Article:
BAI Index May: Looking forward
Riding a wave of cargo on the back of the delays in the Suez, airfreight saw a lift ex-Asia with substantial gains across the core Asia-Europe and Asia-US front haul. Much of this was driven by sea-air conversions and a boost on the transpacific lane as a result of the collapse of capacity provided mostly by Cathay Pacific ex-Hong Kong. Cathay had engaged in extremely strict crew quarantine procedures, cutting capacity on routes which have since returned at the tail end of April. In terms of forward sentiment, the outlook for the Asia market remains uncertain. However support from record March and April cargo demand has fed back into price support all the way through into June and July. Given this is typically the start of slack season for airfreight, this is almost certainly an upset (on top of the many upsets in 2020) for company balance sheets, especially those still relying heavily on air cargo. The scale of delays on container freight has maintained the viability of airfreight, despite enormous price increases.
In terms of a cross-market analysis, we have been seeing large volume on the tanker FFA routes, reflecting a large import of clean fuels (most likely jet kerosene) into Europe, driving speculation that passenger schedules will return in force from the end of May onwards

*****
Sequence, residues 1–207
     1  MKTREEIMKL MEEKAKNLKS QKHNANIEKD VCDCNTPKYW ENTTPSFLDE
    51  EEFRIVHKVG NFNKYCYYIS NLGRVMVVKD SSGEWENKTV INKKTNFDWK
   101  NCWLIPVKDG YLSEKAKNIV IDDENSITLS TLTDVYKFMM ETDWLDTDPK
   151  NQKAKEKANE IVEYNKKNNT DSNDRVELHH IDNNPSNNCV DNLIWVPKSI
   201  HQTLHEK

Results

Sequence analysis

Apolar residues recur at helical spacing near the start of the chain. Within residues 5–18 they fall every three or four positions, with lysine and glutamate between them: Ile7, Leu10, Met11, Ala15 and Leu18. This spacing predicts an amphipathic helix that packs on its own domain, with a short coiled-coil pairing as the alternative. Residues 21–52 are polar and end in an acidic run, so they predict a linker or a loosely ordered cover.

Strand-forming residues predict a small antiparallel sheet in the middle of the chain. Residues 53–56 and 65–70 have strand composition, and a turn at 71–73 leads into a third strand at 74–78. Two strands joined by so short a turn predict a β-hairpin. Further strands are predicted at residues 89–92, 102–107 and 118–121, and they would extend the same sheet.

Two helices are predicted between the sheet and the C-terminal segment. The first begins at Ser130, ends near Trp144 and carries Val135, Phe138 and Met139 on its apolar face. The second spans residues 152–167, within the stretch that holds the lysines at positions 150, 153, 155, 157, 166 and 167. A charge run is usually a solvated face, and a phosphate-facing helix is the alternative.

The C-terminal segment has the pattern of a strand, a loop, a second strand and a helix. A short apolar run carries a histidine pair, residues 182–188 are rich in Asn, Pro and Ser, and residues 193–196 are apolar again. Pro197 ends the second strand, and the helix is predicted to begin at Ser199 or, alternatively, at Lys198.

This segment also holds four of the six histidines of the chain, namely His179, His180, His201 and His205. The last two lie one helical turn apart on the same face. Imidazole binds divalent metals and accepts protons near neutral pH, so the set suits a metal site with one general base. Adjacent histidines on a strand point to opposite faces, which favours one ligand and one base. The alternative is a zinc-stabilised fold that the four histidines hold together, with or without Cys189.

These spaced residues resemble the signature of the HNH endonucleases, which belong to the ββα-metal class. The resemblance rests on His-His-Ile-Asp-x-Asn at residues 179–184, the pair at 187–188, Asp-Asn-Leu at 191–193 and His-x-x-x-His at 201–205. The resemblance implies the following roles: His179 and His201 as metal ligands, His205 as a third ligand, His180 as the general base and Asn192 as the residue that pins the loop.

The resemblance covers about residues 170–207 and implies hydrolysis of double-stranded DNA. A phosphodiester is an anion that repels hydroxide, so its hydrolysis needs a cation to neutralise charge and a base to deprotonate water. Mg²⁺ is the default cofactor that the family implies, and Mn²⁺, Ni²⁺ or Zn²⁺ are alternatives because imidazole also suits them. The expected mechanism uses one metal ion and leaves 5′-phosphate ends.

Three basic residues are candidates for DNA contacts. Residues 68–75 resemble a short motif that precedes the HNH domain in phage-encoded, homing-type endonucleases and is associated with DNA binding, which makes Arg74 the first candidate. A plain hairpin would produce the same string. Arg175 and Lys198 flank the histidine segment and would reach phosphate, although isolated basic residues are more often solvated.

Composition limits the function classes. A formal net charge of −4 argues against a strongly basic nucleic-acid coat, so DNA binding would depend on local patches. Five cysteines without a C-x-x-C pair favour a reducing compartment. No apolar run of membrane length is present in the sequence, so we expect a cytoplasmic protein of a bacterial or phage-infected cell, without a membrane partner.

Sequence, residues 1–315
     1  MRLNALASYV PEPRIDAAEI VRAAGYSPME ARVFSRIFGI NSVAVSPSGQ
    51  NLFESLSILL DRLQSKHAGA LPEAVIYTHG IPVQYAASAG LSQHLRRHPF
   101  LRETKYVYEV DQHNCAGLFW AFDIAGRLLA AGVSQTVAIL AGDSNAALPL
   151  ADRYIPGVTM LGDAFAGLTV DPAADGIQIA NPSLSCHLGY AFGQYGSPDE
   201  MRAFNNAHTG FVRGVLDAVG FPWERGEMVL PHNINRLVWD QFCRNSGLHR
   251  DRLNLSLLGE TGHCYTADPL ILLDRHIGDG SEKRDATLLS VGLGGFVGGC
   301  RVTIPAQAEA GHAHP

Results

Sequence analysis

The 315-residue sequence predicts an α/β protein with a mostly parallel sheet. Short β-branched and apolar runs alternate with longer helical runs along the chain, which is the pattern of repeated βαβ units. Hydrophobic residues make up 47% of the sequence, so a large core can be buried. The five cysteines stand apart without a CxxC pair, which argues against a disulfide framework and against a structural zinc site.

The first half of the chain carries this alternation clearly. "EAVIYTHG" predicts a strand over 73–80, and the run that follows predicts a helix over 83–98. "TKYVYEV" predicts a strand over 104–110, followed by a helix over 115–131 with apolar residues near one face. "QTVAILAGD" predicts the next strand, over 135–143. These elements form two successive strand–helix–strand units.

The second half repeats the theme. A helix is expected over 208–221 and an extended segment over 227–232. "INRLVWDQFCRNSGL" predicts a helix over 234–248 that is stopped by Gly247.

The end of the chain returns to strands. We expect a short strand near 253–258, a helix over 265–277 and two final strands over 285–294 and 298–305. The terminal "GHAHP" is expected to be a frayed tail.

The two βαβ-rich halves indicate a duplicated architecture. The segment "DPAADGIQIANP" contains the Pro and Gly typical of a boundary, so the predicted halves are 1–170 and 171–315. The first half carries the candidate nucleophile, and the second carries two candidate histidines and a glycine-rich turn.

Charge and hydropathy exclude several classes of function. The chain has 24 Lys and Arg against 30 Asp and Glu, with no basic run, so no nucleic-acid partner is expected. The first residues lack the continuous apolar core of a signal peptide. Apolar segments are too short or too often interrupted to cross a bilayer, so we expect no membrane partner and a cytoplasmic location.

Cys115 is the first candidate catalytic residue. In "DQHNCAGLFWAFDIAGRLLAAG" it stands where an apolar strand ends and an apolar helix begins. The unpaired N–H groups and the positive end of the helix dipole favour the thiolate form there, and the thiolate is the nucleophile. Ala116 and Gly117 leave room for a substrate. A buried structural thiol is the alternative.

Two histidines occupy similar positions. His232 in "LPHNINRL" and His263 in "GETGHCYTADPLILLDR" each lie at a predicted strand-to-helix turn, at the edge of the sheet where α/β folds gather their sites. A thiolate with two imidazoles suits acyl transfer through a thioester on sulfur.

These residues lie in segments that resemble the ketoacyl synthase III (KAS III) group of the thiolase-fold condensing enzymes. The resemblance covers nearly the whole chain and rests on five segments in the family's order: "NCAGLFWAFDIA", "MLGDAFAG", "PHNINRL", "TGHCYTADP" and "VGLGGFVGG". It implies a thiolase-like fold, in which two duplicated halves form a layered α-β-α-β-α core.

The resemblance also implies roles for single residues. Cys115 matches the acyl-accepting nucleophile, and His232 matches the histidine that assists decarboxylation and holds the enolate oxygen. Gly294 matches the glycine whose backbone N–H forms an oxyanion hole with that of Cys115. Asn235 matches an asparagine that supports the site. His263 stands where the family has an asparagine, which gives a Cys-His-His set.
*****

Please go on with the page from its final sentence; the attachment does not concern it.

On the trans-Atlantic route, vaccine cargo and a persistent lack of passenger volume are supporting prices. At the risk of wearing out the record, this has been the consistent factor on trans-Atlantic and indexed backhaul routes. In terms of a cross-market analysis, we have been seeing large volume on the tanker FFA routes, reflecting a large import of clean fuels (most likely jet kerosene) into Europe, driving speculation that passenger schedules will return in force from the end of May onwards. This removes the support for high container prices, if and when passenger volumes return. There is particular focus on the intra-Europe and trans-Atlantic routes, in line with positive progress regarding vaccines. As European governments have provided official guidance regarding holiday travel, this is a positive sign for passenger volumes. There is still doubt as to whether this will impact the long-haul routes, particularly those into East and South East Asia – Singapore is on the road to another lockdown after another bump in COVID cases.
In the longer term, the forward order book for freighters, and the enthusiasm for airfreight as a means of long-term support for supply chains, have arguably been damaged. Although most freighter airlines have posted record profits (indeed far in excess of anything the market has seen before) there is still substantial doubt, and substantial risk, in the forward market. This is particularly the case for asset owners.
About Peter Stallion, Head of Air and Containers, Freight Investor Services
Peter Stallion heads up the Air and Container Freight desks at FFA brokerage Freight Investor Services. He started his career in air freight chartering, and has a passion for emerging risk management markets and the logistics industry.